Well, guess it’s good to get the bad news early on regarding how screwed I am. Back to work, and I’ll be staying in again tonight with my BAII plus in hand. Question 1 - 89487 Jean Baptiste Prudhomme and Sons, Inc. is a publicly-traded housing and construction company that has been operated by five generations of the Prudhomme family. Xavier Prudhomme, the current CEO, believes that the firm’s future success depends on finding a way to mitigate the inherent cyclicality of the construction industry. He and the COO, his cousin, Michel Sanscartier, have decided to invest in a firm that operates in a counter-cyclical industry. Prudhomme is in a strong financial position to make an investment in another firm. The company has 1 million shares outstanding. When the books closed for the year on December 31, 2003, the stock closed at $72 per share. The firm Prudhomme Inc. chose to invest in was outplacement counselors Quality Connections, Inc. The firms completed the transaction on December 31, when both companies closed their 2003 books. Quality is a much smaller firm than Prudhomme, with total assets of $2 million when the transaction closed, compared to Prudhomme’s $30 million. However, Quality is more liquid than Prudhomme: half of Quality’s assets were current assets, compared to only one-third of Prudhomme’s. In addition, current liabilities at Quality accounted for only 10% of total liabilities plus owners’ equity as of the transaction date, with common stock equal to another 40%. (The remainder was retained earnings.) Prudhomme does have some financial advantages over Quality, however. Prudhomme’s long history means that it has much higher retained earnings than Quality: Retained earnings at Prudhomme accounted for two-thirds of total liabilities plus owners’ equity when the transaction closed. (The remainder was equally divided between current liabilities and common stock.) Prudhomme also does a much better job than Quality of turning assets: 2004 revenue at Prudhomme was twice the level of assets the firm had on its December 31, 2003 balance sheet, while Quality’s revenue was only 1.5 times assets. Despite the lower turnover, however, Quality is far more profitable. Net income at Quality in 2004 reached 20% of revenue, while net income at Prudhomme came in at only 10% of revenue. (The remainder at both companies is Cost of Goods Sold (COGS).) The greater and more stable profitability at Quality is reflected in dividend payments: Quality paid out half its 2004 net income in dividends, while Prudhomme paid out only one-third. This high and stable dividend payment is a key reason that Xavier Prudhomme and Sanscartier were interested in investing in Quality. Sanscartier also considered Quality undervalued. He believed that Quality’s low investor profile – it trades on a small, regional exchange – prevented the firm’s dividend sustainability from being fully reflected in the company’s share price. Quality’s market capitalization at the close of 2003 trading was twice 2004 revenues (with 1 million shares outstanding), a figure Sanscartier believes is too low given the profitability of the firm and its excellent growth prospects. Although Xavier Prudhomme and Sanscartier were both generally very happy with their investment in Quality Connections, they shared one significant concern about the timing. At the time the transaction closed, the economy appeared to be slowing, and both men expected a cyclical decline in stock values. They were right: Prudhomme, Inc. stock dropped by $12 per share by year-end 2004. Quality Connections, Inc. stock dropped from $6 to $5 per share by December 31, 2004. Xavier Prudhomme and Sanscartier shared a common worry about the potential damage to Prudhomme Inc.’s 2004 income statement from a decline in Quality Connections’ stock price. Before the transaction settled, Xavier Prudhomme argued forcibly that Prudhomme should buy at least 20% of Quality so the market fluctuations in the stock wouldn’t affect Prudhomme’s reported income. He favored buying 25% of Quality’s shares outstanding on December 31, 2003 for a 10% discount from market, in cash. Sanscartier favored purchasing 100,000 of Quality’s shares outstanding on December 31, 2003 at the closing market price, also for cash. He suggested that if they made that investment, Prudhomme could avoid having fluctuations in Quality’s share price flow through Prudhomme’s income statement if Quality were no longer traded publicly and its fair value was not readily determined. Part 1) Regarding Xavier Prudhomme and Sanscartier’s remarks about the impact of the investment in Quality on Prudhomme Inc.’s income statement, which of the following is correct? A) Prudhomme’s statement is correct and Sanscartier’s statement is correct. B) Prudhomme’s statement is correct and Sanscartier’s statement is incorrect. C) Prudhomme’s statement is incorrect and Sanscartier’s statement is correct. Part 2) If Prudhomme Inc. follows Sanscartier’s recommendation and classifies its shares of Quality as be trading securities, what would be the effect of its ownership of Quality on Prudhomme’s income statement for fiscal year 2004? A) −$70,000. B) +$30,000. C) −$100,000. Part 3) If Prudhomme Inc. acts on Xavier Prudhomme’s recommended investment and accounts for this investment using the equity method, what is the value of Quality on the balance sheet of Prudhomme as of December 31, 2004? A) $1,500,000. B) $1,250,000. C) $1,425,000. Part 4) If Prudhomme Inc. acts on Xavier Prudhomme’s recommended investment and considers its shares of Quality to be trading securities, what is the effect of its ownership of Quality on Prudhomme’s income statement for FY2004? A) −$175,000. B) +$150,000. C) −$100,000. Part 5) If Prudhomme Inc. had purchased 750,000 shares of Quality for cash at a 10% discount from market value on December 31, 2003 and considered its shares of Quality to be available for sale, what would be the minority interest on the December 31, 2004 balance sheet? A) $525,000. B) $450,000. C) $250,000. Part 6) Assume Prudhomme’s only investment in Quality was the purchase of 500,000 shares of Quality for cash at market value on December 31, 2003 and Prudhomme considers its shares of Quality to be available for sale. On December 31, 2004, Quality declares bankruptcy and Quality’s stock price tumbles to $0.10 per share. What is the value of Quality on the balance sheet of Prudhomme as of December 31, 2004? A) $500,000. B) $50,000. C) $0. -------------------------------------------------------------------------------- Question 2 - 87593 George Edwards is a senior analyst with The Edge Group, an independent equity research firm specializing in micro cap companies that have recently had an initial public offering, or are likely to go public within the next three years. Over the current market cycle, small company stocks have been the leading performers in the equity market, and micro cap money managers have had huge cash inflows due to their funds’ strong performance. With an excess amount of cash and few good investment opportunities due to the high valuations in the marketplace, fund managers have turned to independent research firms like The Edge Group to help them discover new investment ideas. With a large number of mutual fund managers asking them for research reports, business at The Edge Group is booming. To help handle the large amount of business, Edwards has hired two new junior analysts, Paul Kelley and Rachael Schmidt. Both Kelley and Schmidt have degrees in finance, and came highly recommended to Edwards. In Kelley and Schmidt’s orientation meeting, Edwards told them that what has made The Edge Group successful in delivering quality research to its clients is its willingness to dig into company financial statements and not take the accounting numbers at face value. Every item in the financial statements should be scrutinized and adjusted if necessary. Edwards tells the new analysts that if there is one lesson they should learn, it is that “there is a difference between accounting reality and economic reality.” For their first assignment, Edwards has asked the new analysts to put together a draft of a research report on Landesign, an architecture firm specializing in landscape design for municipalities, residential developments, and wealthy individuals. The firm also sells various kinds of stone and plastic products which are used in landscaping applications. Edwards tells the new analysts that he will help put together the report, but he would like them to do a majority of the legwork. Since it was founded seven years ago, Landesign has grown at an annual rate exceeding 20%. Much of the growth comes from Landesign’s acquisitions of regional competitors. Edwards points out to the analysts that Landesign uses purchase method accounting. Kelley, looking to impress Edwards with his knowledge, tells him that when one company acquires another, assets of both companies are restated to fair market value, and that higher depreciation can lead to lower quality earnings. Not wanting to be outdone, Schmidt adds that liquidity measures such as the quick ratio and the cash ratio should improve as Landesign makes acquisitions. Kelley decides to review Landesign’s 2004 financial statements and make notes about significant accounting practices being used. His notes are shown in the exhibit below: Exhibit 1: Kelley’s Notes on Landesign’s Accounting Practices The firm uses First In, First Out (FIFO) accounting. As a side note, the current inflation rate has remained relatively constant at an annual rate of 3%. Equipment and office furniture are depreciated based on the 200% declining balance method. Fixed assets (equipment) are generally assigned short useful life estimates. The expected return on defined benefit pension plan assets is 2 to 3 percentage points below the long-term rate of return for similar assets. Landesign reports deferred taxes of $350,000 for 2004, compared with $300,000 and $280,000 in deferred taxes for 2003 and 2002, respectively. Schmidt notices that the footnotes to Landesign’s financial statements include a reference to an agreement to receive a minimum amount of stone used to construct landscape walls from a supplier. Under the terms of the agreement, Landesign will pay for the stone whether it is used in the current accounting period or not. The agreement allows Landesign to pay a price that is significantly less than the current market price for similar quality stone. A second footnote indicates that Landesign has an eight-year rental commitment for a greenhouse used to grow plants and store mulch that Landesign uses in the landscaping process. On the financial statements, $55,000 in rent expense for the greenhouse is listed on the income statement. The footnote also states that the $55,000 rental expense payment was agreed upon with Fred’s Nursery, the owner of the greenhouse, based upon an interest rate of 7%. A third footnote indicates that Landesign has sold its accounts receivable to Dais Enterprises for 95% of their original value of $130,000. The footnote indicates that Landesign retains the risk of noncollection of the receivables. The final footnote on the page indicates that Landesign has a revolving line of credit at which it can borrow funds in the future at an interest rate of 6%. After going through the information, Kelley and Schmidt discuss their findings and start to work on their report for Edwards. Part 1) Which of the following items noted in Kelley’s Notes on Landesign’s Accounting Practices would least likely be considered indicators of high earnings quality. Landesign’s use of: A) the 200% declining balance method of depreciation on its furniture and equipment. B) short useful life estimates for fixed assets. C) FIFO accounting in a mildly inflationary economy. Part 2) Which of the following adjustments should Kelley make to Landesign’s balance sheet to account for deferred taxes? Kelley should: A) add $350,000 to equity and subtract $350,000 from liabilities. B) add $56,000 to equity and subtract $56,000 from liabilities. C) add $56,000 to assets and subtract $56,000 from liabilities. Part 3) Which of the following adjustments should Schmidt make to Landesign’s financial statements for the agreement to purchase stone at a discount? A) A prepaid expense needs to be added to the asset side of the balance sheet. B) No changes are necessary since Landesign expenses the costs as part of normal operating expense. C) An estimate of the future liability should be recognized on the balance sheet. Part 4) Which of the following adjustments should Schmidt make to Landesign’s financial statements to account for the greenhouse that Landesign uses to grow plants and store mulch? A) Increase both liabilities and assets by $341,500. B) Increase liabilities and decrease equity by $440,000. C) Increase both liabilities and assets by $328,400. Part 5) Regarding the comments made about Landesign’s growth through acquisition strategy: A) Kelley’s comment was incorrect; Schmidt’s comment was correct. B) Kelley’s comment was correct; Schmidt’s comment was incorrect. C) Kelley’s comment was incorrect; Schmidt’s comment was incorrect. Part 6) Which of the following statements regarding the adjustments that Schmidt should make to Landesign’s financial statements for its sale of receivables is most accurate? A) $123,500 should be added to cash flow from financing, and $123,500 should be subtracted from cash flow from operations. B) Accounts receivable should be increased by $123,500, cash should be decreased by $123,500, and a loss of $6500 should be recognized on the income statement. C) Accounts receivable should be increased by $123,500, loans payable should be increased by $123,500, and a loss of 6,500 should be recognized on the income statement. -------------------------------------------------------------------------------- Question 3 - 88063 James Wallace, CFA, is a fixed income fund manager at a large investment firm. Each year, the firm recruits a group of new college graduates in the spring to enter in the firm’s management training program. The program is a rigorous six-month course that exposes every candidate to each of the different departments within the firm. After successfully completing the six-month training period, candidates then receive offers for employment in one of the departments within the investment firm. Recently, Wallace was selected by his boss to teach the fixed income portion of the firm's training program. He will be able to hold several two-hour sessions with the new hires over a two-week time period, during which he is expected to instruct the trainee’s on all aspects of fixed income analysis. These sessions serve as preparation for the trainees to be able to complete a month long rotation on the fixed income trading desk. His first few sessions will cover the core concepts of fixed income investing. Wallace believes that in order to fully grasp the more complicated concepts of fixed income analysis, the new hires must first begin by having a complete knowledge of the term structure and the volatility of interest rates. The new hires each have different educational backgrounds and varying amounts of work experience, so Wallace decides to begin with the most very basic concepts. He wants to start by teaching the various theories of the term structure of interest rates, and the implications of each theory for the shape of the Treasure yield curve. To evaluate the trainees' understanding of the subjects at hand, he creates a series of questions. The following interest rate scenario is used to derive examples on the different theories used to explain the shape of the term structure and for all computational problems in Wallace's lectures. Table 1 LIBOR Forward Rates and Implied Spot Rates Period LIBOR Forward Rates Implied Spot Rates 0 × 6 5.0000% 5.0000% 6 × 12 5.5000% 5.2498% 12 × 18 6.0000% 5.4996% 18 × 24 6.5000% 5.7492% 24 × 30 6.7500% 5.9490% 30 × 36 7.0000% 6.1238% James uses a rounded day count of 0.5 years for each semi-annual period. Part 1) Following Wallace's first lecture he asks the trainees which of the following explains an upward sloping yield curve according to the (unbiased) pure expectations theory of the term structure of interest rates? A) The market expects short-term rates to rise through the relevant future. B) There is greater demand for short-term securities than for long-term securities. C) There is a risk premium associated with more distant maturities. Part 2) Wallace now poses a similar question regarding the liquidity preference theory. Which of the following could explain an upward sloping yield curve according to the liquidity preference theory of the term structure of interest rates? A) There is greater demand for short-term securities than for long-term securities. B) The market expects short-term rates to rise through the relevant future. C) There is a risk premium associated with more distant maturities. Part 3) Wallace explains to the class that the swap fixed rate is one where the values of the floating-rate and the fixed-rate are the same at the inception of the swap. Using the information in Table 1, he asks the class to compute the swap fixed rate for a one-year plain vanilla interest rate swap with semiannual payments. Which of the following is the closest to the correct answer? A) 3.43%. B) 5.18%. C) 2.56%. Part 4) Wallace finally asks the class about the market segmentation theory of the term structure of interest rates. Specifically, Wallace asks which of the following could explain an upward sloping yield curve according to the market segmentation theory? A) There is greater demand for short-term securities than for long-term securities. B) There is greater demand for long-term securities than for short-term securities. C) There is a risk premium associated with more distant maturities. Part 5) Wallace presents the relationships between spot and forward rates according to the pure expectations theory. Which of the following is closest to the one-year implied forward rate one year from now? A) 6.25%. B) 6.58%. C) 5.75%. Part 6) Wallace completes his first lecture by tying the relationship between Treasury prices and the shape of the term structure. He is particularly interested in the implications of a steepening yield curve. Which of the following is most accurate for a steepening yield curve? A) The price of long-term Treasury securities increases relative to the price of short-term Treasury securities. B) The price of short-term Treasury securities increases. C) The price of short-term Treasury securities increases relative to the price of long-term Treasury securities. -------------------------------------------------------------------------------- Question 4 - 88424 Financial consultant George Price advises high-net-worth individuals on income investments. His firm, Price Enterprises, specializes in asset-backed securities (ABS). Price’s son-in-law, Roger Camby, also works for the firm. Price and Camby do not get along well, and they often engage in heated arguments in the office. On a certain morning, Price and Camby are arguing about which asset-backed securities (ABS) to purchase. Over the last two weeks, Price Enterprises signed up a half-dozen new clients and received several million in new funds from existing clients, and the company needs some new ideas for the portfolios. Camby is excided about a new ABS issued by a large retailer, Glendo’s. The ABS reflects a bundle of nonamortizing consumer credit accounts. As usual, Price prefers a different option, in this case a new collateralized mortgage obligation (CMO) issued by Trident Mortgage. Both securities offer similar total return potential and seem reasonably valued. Both Camby and Price believe the other analyst’s preferred securities are too risky. Unable to come to an agreement about which ABS to purchase, Camby and Price return to an old topic of discussion, the merits of collateralized debt obligations, (CDOs). Both analysts agree on the benefits of CDOs, which allow investors to profit off the spread between return on collateral and the cost of funding. But they disagree on the best strategy for constructing a CDO. Price prefers a simple cash CDO and criticizes Camby for his preference for more complicated synthetic securities. Camby argues that synthetic CDOs offer several advantages over cash CDOs: It is cheaper to purchase exposure to an asset through a swap than to purchase the asset directly. Only the senior section must be funded. It takes less time to assemble the portfolio. A bank can use a synthetic CDO to take debt off the balance sheet without the consent of borrowers. Bindle Bonds, a consultancy that sets up payment structures for entities that wish to issue asset-backed securities, has a referral relationship with Price Enterprises. Just before lunch, Bindle sales director Marty Malkin calls Price to offer him a piece of a new ABS comprised of thousands of home-improvement loans. Price likes the interest rates and the senior/subordinated structure that contains several junior tranches and senior tranches. But during his analysis of the default and prepayment projections, Price becomes concerned that Bindle is underestimating the risks. In response to Price’s concerns, Malkin explains that the ABS has a shifting-interest mechanism designed to limit risk for the senior tranches. After Price agrees to invest in the new Bindle ABS, he and Camby go to lunch. As they wait for their food, they discuss an investment a colleague pitched to Camby that morning. The ABS issuer used a conditional prepayment rate to estimate prepayment risks. According to the issuer’s model, repayment risks are modest, in part because refinancing is not a major concern with the underlying securities. The underlying securities are fixed-rate loans, and their default risk is fairly high. One benefit of the securities is the fact that principal payments are immediately passed on to investors. Immediately after Price and Camby return from lunch, Kay Peterson, a longtime client of Price Enterprises, comes into the office interested in diversifying her portfolio by purchasing European securities. Price is not a fan of the European market and tries to dissuade Peterson, who he knows prefers MBS. He makes the following arguments: The U.S. MBS market has delivered stronger growth than the European market. Mortgage loans need not be marked to market in the U.S. Standardized credit-scoring systems in the U.S. make it easier for lenders to assess risk. Camby, however, disagrees with his father-in-law. He suggests that Peterson invest in Europe, citing two advantages: Europeans are more likely to own their homes than Americans. In Europe, mortgage debt represents a smaller portion of gross domestic product (GDP) than it does in the U.S. Peterson is not sure which of the men is correct, and she asks for more details about the European market. Price explains that spotty data on mortgage loans hinders growth in the European market, adding that at times data presentation is inconsistent even in different parts of the same country. New valuation models are becoming more sophisticated, Camby added, postulating that as such models come into wider use in Europe, the region will see higher growth. Part 1) What affect will the shifting-interest mechanism connected to the ABS backed by home-improvement loans have on the senior tranches? Credit Risk? Payment Risk? A) Reduce Increase B) Increase Reduce C) Reduce Reduce Part 2) The ABS Price and Camby discussion at lunch is most likely backed by: A) Small Business Administration (SBA) loans. B) home-equity loans. C) auto loans. Part 3) With regard to statements made by Price and Camby to Peterson regarding the characteristics of the European and U.S. MBS market: A) only one is correct. B) both are correct. C) both are incorrect. Part 4) Which of Camby’s statements about the advantage of synthetic CDOs is least accurate? A) Only the senior section must be funded. B) A bank can use a synthetic CDO to take debt off the balance sheet without the consent of borrowers. C) It is cheaper to purchase exposure to an asset through a swap than to purchase the asset directly. Part 5) Camby’s preference for Glendo’s bonds suggests he is most likely concerned about: A) credit risk. B) prepayment risk. C) interest-rate risk. Part 6) To further advance his case in favor of the U.S. MBS market relative to the European market, Price’s most accurate argument is: A) the illiquidity of the market for securitized loans. B) the fact that most European mortgage debt is funded through retail deposits. C) how a shortage of mortgage-servicing firms is slowing growth. -------------------------------------------------------------------------------- Question 5 - 88875 Wanda Brock works as an investment strategist for Globos, an international investment bank. Brock has been tasked with designing a strategy for investing in derivatives in Mazakhastan, an Eastern European country with impressive economic growth. One of the first tasks Brock tackles involves hedging. Globos wants to hedge some of its investments in Mazakhastan against interest-rate and currency volatility. After a bit of research, Brock has gathered the following data: The U.S. risk-free rate is 5.5%, and most investors can borrow at 2% above that rate. The Federal Reserve Board is expected to raise the fed funds rate by 0.25% in one week. The current spot rate for the Mazakhastanian currency, the gluck, is 9.4073G/. Annualized 90-day LIBOR is 7.6%. Globos’ economists expect annualized 90-day LIBOR to rise to 7.9% over the next 60 days. In Mazakhastan, commodities can be bartered at no charge through an ancient and informal trading system, but futures trades cost 3% of the contract value. The Mazakhastan risk-free rate is 3.75%, and most investors can borrow at 1.5% above that rate. Using the above data, Brock develops some hedging strategies, and then delivers them to Globos’ futures desk. Brock then turns her attention to Mazakhastanian commodities. Globos has acquired the rights to large deposits of copper, silver, and molybdenum in Mazakhastan and suspects the futures markets may be mispriced. Brock has assembled the following data to aid her in making recommendations to Globos’ futures desk: Copper Spot price: $3.15/pound. 1-year futures price: $3.54/pound. Silver Spot price: $12.75/pound. 1-year futures price: $12.82/pound. Molybdenum Spot price: $34.45/pound. 1-year futures price: 35.23/pound. After making some calculations, Brock assesses the arbitrage opportunities in Mazakhastan and passes the information on to the futures desk. Shortly afterward, she is informed that Globos’ Mazakhastan subsidiary uses its silver holdings as collateral for business loans, which allows the unit to obtain a favorable interest rate. Jonah Mason, one of Globos’ traders, asks Brock for a few details about the Mazakhastan financial markets. Brock sends Mason a short e-mail containing the following observations: Mazakhastan’s investors don’t like relying on old valuation data because asset values have changed rapidly in the past, so they generally use a mark-to-market valuation system. Standard & Poor’s just raised Mazakhastan’s sovereign debt to investment grade. Interest rates tend to move in the same direction as asset values. New technological innovations and commercial expansion has substantially boosted the income of the average Mazakhastanian. Before Mason receives the e-mail, he turns his attention to a memo about a futures contract a subordinate is considering. Unfortunately, the memo arrives without the summary page to the notes. Mason must deduce the nature of the hedge based on its characteristics: The risk-free rate used in calculating the futures price, and that price adjusted to account for individual future dividends. Part 1) The value of a 75-day gluck future is closest to: A) 9.3750G/. B) 0.1081$/G. C) 9.4429G/$. Part 2) Based on the information he received from Brock, Mason can best conclude that: A) inflation in Mazakhastan is likely to rise. B) futures prices are higher than forward prices in Mazakhastan. C) prices of corporate bonds in Mazakhastan are likely to rise. Part 3) Based on the two characteristics of the futures contract in Mason’s memo, which of the following does the contract refer to? Treasury bond futures? Stock index futures? A) Yes Yes B) No Yes C) Yes No Part 4) Based on Brock’s information, how should traders best take advantage of arbitrage opportunities in Mazakhastan? A) Buy copper, do not trade silver, and sell molybdenum. B) Buy copper, sell silver, and sell molybdenum. C) Buy copper, sell silver, and do not trade molybdenum. Part 5) The value of a 150-day, $1,000,000 eurodollar add-on yield futures contract at expiration is closest to: A) $981,854. B) $981,171. C) $929,368. Part 6) Which of the following would be most likely to cause a contango situation with silver futures in Mazakhastan? A) A shortage of warehouse space that drives up rental rates. B) An increase in the availability of asset-backed loans. C) A huge silver discovery.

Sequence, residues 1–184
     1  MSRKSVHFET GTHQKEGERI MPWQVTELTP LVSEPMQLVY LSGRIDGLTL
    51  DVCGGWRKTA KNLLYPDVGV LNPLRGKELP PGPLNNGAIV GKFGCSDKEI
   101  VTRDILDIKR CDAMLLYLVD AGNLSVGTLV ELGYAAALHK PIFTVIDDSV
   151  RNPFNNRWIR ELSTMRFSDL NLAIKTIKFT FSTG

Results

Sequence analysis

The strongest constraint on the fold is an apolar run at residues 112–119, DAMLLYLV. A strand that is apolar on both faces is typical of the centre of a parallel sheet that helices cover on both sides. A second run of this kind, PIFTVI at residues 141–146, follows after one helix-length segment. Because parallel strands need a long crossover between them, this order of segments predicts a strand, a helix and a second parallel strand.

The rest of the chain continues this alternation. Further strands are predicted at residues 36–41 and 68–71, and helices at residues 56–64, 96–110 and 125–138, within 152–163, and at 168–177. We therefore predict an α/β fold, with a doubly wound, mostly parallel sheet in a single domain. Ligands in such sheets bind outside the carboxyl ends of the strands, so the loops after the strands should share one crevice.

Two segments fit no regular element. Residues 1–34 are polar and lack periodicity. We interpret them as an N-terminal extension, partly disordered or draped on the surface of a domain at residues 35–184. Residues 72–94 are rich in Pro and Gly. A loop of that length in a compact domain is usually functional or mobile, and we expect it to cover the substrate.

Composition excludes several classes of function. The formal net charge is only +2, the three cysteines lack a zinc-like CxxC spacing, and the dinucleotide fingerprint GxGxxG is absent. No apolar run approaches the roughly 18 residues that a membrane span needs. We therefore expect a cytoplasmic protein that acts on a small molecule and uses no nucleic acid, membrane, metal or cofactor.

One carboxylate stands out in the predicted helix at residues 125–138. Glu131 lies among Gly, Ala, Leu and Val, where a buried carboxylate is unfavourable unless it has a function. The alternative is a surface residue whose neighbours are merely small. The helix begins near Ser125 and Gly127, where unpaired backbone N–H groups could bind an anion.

Im doing these and checking my answers on Schweser. You are going to crap your pants at the tricks